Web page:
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Blackberries & Firewood

a9-Promise of Spring

Promise of Spring photograph by Ellen Jantzen

(This article appeared in the Anderson Valley Advertiser August 2013)

“Looks can be deceiving—it’s eating that’s believing.” James Thurber

A few days ago, Marion Crombie, our musical neighbor and fellow fruit forager, reported that two of the most promising and easily accessible stands of blackberries hereabouts have begun to fulfill their promise, so the next morning Marcia and I set forth with our knapsack full of glass jars (with lids) to harvest the luscious berries pursuant to making blackberry jam.

This is that marvelous time of year around here when the garden is producing copious edibles, the local apple crop is coming ripe, the plums have peaked but are still hanging about, and the berries—huckle, black, rasp and boysen—are profuse upon their vines. We managed to pick three quarts of black beauties in an hour or so, and with five apples cut up in the mix and using only one-third of the sugar called for in the jam recipe, we cooked up three quarts of the best blackberry jam money can’t buy.

“As an instrument of planetary home repair, it is hard to imagine anything as safe as a tree.” Jonathan Weiner

Yesterday, with the Mendocino air by turns muggy and cold and muggy and cold, the huge green dump truck from Frank’s Firewood arrived from Boonville to deliver two cords of seasoned tan oak destined for our wonderfully efficient Norwegian woodstove. The driver of that well-known truck is Neil Vaine, a master backer upper and superior dumping strategist, accompanied on his rounds by his trusty pooch, a handsome dog with a sweet disposition and a love of riding hither and yon with Neil.

The two cords had to be dumped a good fifty yards from our woodshed, and I look upon that great mass of yet-to-be-released solar power as hours of invigorating hauling and stacking that will ultimately result in thousands of hours of comforting heat when winter is upon us and the rains and cold keep us inside more than out. I am well aware of how lucky we are to live where we’re allowed to heat our homes with firewood, and luckier still to live in a place where firewood is available at all.

I love building fires and feeding them and watching the flames, and I have loved all that since I was little boy. When I was six-years-old, my father taught me how to build a campfire without the use of paper or lighter fluid. He showed me how to build a spacious little structure of tiny twigs around which and on top of I would lay slightly larger pieces of wood, and so on, while being careful to leave an opening for the match to reach those underlying twigs. For some years thereafter it was a point of pride that I make my fires in the fireplace at home or on backpack trips without resorting to paper to ignite the kindling. Nowadays I have no pride when it comes to using old newspapers to start the fire, though now and again I will build a fire without paper just to prove I can.

“Why, if a fish came to me, and told me he was going on a journey, I should say, “With what porpoise?” Lewis Carroll

Speaking of abundance, this used to be the time of year when we would frequently partake of delicious and nutritious locally caught salmon, but now we have drastically reduced our intake of fish in response to the ongoing meltdowns at the Fukushima nuclear power plant in Japan that have permanently poisoned the Pacific Ocean, with millions of gallons of radioactive water being released into the ocean every day from those dangerously crippled reactors because the Japanese lack the technology and sufficient money to stop the radioactive bleeding. Where are you when we need you, President Obama, Senators Feinstein and Boxer, billionaires Gates and Buffet, along with the rest of the entire supposedly civilized world?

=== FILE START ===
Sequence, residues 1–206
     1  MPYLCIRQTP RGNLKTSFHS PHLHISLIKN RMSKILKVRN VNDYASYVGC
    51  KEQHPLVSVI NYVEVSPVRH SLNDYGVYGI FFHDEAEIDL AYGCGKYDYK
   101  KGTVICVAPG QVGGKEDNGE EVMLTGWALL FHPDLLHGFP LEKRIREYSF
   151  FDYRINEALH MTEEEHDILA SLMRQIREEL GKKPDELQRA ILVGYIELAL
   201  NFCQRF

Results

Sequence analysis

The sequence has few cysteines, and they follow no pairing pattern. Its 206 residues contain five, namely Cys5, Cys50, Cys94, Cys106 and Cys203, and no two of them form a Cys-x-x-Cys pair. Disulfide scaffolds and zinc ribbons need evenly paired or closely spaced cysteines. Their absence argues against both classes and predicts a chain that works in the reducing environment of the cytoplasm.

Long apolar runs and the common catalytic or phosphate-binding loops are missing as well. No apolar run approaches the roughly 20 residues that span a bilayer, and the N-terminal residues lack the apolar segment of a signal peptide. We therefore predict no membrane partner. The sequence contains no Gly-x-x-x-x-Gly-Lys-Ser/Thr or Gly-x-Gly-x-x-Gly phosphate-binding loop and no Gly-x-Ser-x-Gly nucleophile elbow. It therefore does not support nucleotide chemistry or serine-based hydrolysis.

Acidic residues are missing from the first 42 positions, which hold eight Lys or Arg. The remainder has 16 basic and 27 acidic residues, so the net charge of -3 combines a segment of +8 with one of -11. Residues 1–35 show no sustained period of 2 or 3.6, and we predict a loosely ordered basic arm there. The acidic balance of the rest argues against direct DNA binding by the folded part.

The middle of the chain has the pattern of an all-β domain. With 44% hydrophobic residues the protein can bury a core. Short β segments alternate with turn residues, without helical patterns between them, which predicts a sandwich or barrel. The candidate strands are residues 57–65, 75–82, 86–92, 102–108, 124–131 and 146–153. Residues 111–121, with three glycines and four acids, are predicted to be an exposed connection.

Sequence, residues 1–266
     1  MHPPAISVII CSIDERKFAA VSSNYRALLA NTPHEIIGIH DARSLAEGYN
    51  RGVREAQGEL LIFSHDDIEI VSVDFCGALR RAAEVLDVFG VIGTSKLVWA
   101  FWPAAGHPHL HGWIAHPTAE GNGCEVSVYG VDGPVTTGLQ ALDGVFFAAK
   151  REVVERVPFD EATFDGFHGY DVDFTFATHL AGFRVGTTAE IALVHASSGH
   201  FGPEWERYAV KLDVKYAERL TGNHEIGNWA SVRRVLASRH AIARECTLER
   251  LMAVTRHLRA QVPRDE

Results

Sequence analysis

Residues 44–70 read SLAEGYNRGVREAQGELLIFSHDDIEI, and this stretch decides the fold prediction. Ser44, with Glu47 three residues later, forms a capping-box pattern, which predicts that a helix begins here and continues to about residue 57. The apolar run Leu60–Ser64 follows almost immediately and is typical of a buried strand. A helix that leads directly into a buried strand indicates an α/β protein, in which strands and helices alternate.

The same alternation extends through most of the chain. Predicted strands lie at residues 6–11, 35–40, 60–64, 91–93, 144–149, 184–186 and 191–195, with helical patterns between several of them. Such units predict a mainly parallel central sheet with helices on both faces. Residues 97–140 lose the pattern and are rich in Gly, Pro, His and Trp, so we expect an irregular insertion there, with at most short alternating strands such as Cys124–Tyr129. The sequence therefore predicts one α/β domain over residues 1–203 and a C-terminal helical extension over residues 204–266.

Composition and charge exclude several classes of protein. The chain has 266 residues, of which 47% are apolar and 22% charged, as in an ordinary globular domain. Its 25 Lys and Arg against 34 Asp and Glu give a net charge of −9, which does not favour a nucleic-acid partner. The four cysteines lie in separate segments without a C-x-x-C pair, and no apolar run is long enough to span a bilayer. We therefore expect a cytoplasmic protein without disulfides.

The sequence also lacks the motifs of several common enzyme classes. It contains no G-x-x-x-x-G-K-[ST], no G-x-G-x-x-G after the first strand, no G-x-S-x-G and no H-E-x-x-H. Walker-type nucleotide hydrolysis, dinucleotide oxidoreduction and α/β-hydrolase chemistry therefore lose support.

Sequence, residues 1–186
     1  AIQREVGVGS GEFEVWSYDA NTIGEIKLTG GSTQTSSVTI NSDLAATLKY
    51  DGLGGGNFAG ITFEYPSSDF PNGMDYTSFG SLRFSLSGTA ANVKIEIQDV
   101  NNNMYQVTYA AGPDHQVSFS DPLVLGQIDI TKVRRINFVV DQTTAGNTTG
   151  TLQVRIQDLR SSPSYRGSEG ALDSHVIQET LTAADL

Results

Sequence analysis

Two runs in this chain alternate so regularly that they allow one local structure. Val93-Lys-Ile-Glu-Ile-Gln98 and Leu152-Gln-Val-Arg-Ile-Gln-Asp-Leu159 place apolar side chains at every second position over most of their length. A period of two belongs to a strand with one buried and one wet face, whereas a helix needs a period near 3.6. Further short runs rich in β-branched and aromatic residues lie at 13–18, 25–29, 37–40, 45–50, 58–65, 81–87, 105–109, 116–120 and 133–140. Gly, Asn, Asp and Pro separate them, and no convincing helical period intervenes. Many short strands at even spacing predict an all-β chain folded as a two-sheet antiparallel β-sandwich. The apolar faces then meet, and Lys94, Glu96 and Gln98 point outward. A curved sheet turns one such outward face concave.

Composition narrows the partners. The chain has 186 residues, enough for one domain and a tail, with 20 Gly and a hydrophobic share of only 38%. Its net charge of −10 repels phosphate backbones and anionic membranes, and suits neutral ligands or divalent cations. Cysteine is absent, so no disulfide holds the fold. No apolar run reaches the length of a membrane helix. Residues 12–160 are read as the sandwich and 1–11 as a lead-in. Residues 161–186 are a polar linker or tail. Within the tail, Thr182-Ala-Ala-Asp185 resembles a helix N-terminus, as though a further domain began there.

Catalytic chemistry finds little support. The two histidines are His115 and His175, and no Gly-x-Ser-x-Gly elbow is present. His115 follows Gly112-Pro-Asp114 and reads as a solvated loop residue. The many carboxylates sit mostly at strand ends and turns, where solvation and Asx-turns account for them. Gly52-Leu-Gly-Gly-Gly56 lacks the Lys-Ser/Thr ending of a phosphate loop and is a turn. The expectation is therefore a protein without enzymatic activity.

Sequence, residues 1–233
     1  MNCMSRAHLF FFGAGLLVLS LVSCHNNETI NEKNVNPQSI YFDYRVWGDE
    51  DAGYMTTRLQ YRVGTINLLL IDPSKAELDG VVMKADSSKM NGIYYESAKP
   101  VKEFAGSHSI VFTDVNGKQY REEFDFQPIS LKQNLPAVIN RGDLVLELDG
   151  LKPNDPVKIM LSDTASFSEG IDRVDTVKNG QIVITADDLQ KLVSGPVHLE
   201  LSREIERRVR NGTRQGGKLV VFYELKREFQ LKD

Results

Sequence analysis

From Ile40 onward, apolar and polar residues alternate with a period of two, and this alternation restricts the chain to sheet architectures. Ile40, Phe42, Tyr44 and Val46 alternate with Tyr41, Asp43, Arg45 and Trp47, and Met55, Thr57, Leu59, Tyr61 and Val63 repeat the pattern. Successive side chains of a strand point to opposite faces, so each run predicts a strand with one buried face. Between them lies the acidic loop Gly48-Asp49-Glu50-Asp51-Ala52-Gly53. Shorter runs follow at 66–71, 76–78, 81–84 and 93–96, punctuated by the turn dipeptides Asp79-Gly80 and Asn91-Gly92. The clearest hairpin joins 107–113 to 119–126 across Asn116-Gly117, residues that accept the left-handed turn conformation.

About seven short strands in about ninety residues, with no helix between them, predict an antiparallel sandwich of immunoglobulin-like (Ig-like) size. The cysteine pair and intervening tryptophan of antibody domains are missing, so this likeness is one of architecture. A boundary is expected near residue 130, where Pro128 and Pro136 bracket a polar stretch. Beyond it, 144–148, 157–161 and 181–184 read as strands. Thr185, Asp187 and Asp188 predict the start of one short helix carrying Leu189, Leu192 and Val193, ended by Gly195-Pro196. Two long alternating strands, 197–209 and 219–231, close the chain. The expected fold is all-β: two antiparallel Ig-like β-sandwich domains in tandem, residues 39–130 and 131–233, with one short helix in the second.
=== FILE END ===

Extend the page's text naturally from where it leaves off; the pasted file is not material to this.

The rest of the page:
Yesterday I read an excellent and terrifying article online from which I learned that a huge mass of radioactive contaminants dumped into the ocean from the Fukushima plants is fast approaching the west coast of North America, this on top of the enormous amounts of radioactive molecules that have already reached our shores and spread through the air around the world. And then I did something I rarely do; I read the comments from readers at the end of that online article, most of which contained the line, “I’m glad I don’t live on the west coast,” and many of which contained the shocking (to me) sentiment that the radioactive onslaught would “serve those rich people in Carmel and Malibu right.”

“Food is an important part of a balanced diet.” Fran Lebowitz

Today I stop in at the GoodLife Café and Bakery and purchase a loaf of excellent gluten-free bread, and the thought of a piece of toast made from that yummy bread lathered with our homemade blackberry jam propels me up the steep hill to home, my daily walk to and from the village of Mendocino the centerpiece of my current fitness regime that now also includes hauling and stacking firewood.

As I climb the hill, I rejoice about the abundance of fresh blackberries and our ample supply of firewood while simultaneously feeling sad about the ongoing catastrophe at Fukushima and the radioactive tides approaching our shores. I wave to a smiling friend driving by and try not to think about the corporations of mass destruction holding sway over the United States and much of the world. I stop to marvel at a hummingbird visiting the fanciful blooms of a fuchsia and think about brave Bradley Manning, one of the great heroes of our time, being sentenced to thirty-five years in prison for trying to do something about the out-of-control military-industrial complex that has made of the entire world a battle field.

“There is no human problem which could not be solved if people would simply do as I advise.” Gore Vidal